Next, Castle brings it all back to the supposed “tech oligarchy” and their “monstrous behavior,” using some blatant weasel-wording and factual inaccuracies:

Make sure you add something of value, because the music and the songs are valueless, so why should Isohunt or Limewire or Megavideo pay the artist for them. All that subscription and advertising revenue that Megavideo and Google made off of piracy? That compensates these innovators for providing the promotional opportunity because obscurity is the artist’s biggest enemy, right?

Wrong.

No, not wrong. Is Castle really denying that obscurity is the first and most important hurdle for an artist to overcome? It wouldn’t matter if people were buying CDs for $100 each—if they haven’t heard of you, you aren’t going to make any money. Of course, he also glosses over the fact that Megaupload did pay artists—the ones who embraced the service as a way to sell directly to their fans. Meanwhile, those who feared it handed a potential revenue stream to the pirates. Even more amusing is his lumping together of Megavideo and Google, as if they were essentially the same thing despite being so different that there’s barely any comparison.

Castle’s post is full of statements like “once again” and “we’ve heard this trope before.” Maybe next time he hears it, he should actually make the effort to understand it, instead of wasting his time railing against ridiculous straw-men.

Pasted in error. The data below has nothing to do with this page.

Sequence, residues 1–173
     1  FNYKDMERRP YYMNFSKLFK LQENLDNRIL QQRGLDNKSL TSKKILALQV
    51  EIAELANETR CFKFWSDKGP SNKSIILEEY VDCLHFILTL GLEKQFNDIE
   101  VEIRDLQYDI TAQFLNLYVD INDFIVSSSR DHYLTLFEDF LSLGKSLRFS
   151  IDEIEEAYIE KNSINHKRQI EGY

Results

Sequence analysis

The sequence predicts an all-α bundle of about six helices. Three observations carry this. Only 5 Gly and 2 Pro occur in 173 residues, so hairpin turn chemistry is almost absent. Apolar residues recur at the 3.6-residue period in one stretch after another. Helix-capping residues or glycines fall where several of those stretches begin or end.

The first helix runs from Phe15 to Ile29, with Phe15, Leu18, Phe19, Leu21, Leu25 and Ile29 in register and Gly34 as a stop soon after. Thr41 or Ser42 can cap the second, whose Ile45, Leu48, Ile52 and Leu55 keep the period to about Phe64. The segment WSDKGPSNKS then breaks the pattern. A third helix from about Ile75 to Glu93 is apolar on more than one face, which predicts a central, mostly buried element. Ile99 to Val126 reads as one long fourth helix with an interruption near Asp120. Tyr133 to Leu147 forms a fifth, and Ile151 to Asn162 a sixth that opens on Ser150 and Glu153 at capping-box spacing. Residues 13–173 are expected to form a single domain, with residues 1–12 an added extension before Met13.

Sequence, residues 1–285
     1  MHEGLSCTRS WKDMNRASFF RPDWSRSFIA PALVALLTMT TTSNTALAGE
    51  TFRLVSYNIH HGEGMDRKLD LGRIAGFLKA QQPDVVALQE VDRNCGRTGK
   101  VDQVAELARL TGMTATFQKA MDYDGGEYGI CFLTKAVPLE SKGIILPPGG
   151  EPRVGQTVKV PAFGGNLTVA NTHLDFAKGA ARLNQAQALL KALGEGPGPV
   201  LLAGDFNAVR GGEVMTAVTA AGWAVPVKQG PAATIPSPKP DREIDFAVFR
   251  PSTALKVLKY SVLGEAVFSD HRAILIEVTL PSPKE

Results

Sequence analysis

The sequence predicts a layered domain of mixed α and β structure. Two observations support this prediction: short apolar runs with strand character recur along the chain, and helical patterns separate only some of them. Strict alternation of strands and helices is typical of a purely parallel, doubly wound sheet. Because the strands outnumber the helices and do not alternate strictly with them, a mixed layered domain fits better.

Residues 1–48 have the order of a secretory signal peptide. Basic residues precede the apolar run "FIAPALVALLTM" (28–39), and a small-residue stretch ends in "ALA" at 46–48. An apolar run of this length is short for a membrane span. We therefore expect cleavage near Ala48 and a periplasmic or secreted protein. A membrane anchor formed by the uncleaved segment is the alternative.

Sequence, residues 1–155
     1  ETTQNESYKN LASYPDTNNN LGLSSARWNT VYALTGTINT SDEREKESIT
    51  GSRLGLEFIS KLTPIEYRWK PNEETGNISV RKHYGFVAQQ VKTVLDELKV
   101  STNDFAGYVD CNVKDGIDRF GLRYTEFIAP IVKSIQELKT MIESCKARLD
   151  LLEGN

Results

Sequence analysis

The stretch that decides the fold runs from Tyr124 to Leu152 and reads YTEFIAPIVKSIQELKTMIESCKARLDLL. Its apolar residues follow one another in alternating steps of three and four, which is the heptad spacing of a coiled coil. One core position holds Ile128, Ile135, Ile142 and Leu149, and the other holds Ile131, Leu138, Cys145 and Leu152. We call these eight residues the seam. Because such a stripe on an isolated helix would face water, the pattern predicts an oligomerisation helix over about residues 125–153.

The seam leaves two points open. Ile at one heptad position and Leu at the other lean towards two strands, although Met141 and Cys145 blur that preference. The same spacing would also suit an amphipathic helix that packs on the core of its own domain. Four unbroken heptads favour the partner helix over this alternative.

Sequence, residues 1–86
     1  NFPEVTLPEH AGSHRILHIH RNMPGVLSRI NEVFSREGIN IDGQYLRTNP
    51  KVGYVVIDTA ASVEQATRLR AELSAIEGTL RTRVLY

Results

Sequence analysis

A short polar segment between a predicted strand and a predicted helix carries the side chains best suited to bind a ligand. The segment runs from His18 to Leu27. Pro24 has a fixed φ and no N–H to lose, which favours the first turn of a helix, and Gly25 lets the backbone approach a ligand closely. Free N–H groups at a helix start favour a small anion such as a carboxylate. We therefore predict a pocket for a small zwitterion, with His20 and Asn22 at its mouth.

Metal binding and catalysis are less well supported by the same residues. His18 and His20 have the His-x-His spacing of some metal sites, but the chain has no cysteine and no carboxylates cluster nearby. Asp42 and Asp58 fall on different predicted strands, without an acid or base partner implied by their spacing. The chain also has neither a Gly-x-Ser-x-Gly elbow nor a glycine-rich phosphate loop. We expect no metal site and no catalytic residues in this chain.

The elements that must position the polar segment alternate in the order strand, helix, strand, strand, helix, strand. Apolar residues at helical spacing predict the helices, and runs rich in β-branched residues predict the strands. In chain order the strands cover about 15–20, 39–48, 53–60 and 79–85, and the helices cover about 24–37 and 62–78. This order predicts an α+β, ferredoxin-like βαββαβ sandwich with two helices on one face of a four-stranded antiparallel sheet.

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Comments on “No, Saying Musicians Must 'Add Value' Does Not Mean Music Has No Value”

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80 Comments
Anonymous Coward says:

Marcus, it really hurts when someone points out that your “music” has no value.

You certainly are learning to be a Mike-a-like, because you are busy playing word games. For most people, “value” is a short term for “economic value”, or it’s price at retail. What has happened with piracy is that music no longer has much retail value for consumers, and whatever value exists is now in the ethereal “I love it” sort of value as compared to anything that can actually be sold.

The only way economic value (aka, making money) appears to occur isn’t by recording great music that everyone wants, but rather in whoring out your time and your image. It’s disappointing to see a few people paying big money for stuff few people want, while everyone is enjoying for free what they really wanted, the music.

Your entire post is a nice and generous word game, a repeat of the claptrap Mike has cycled out many times over. How truly boring. Is this part of your initiation into being as big a prick as Mike is on these sorts of word game issues?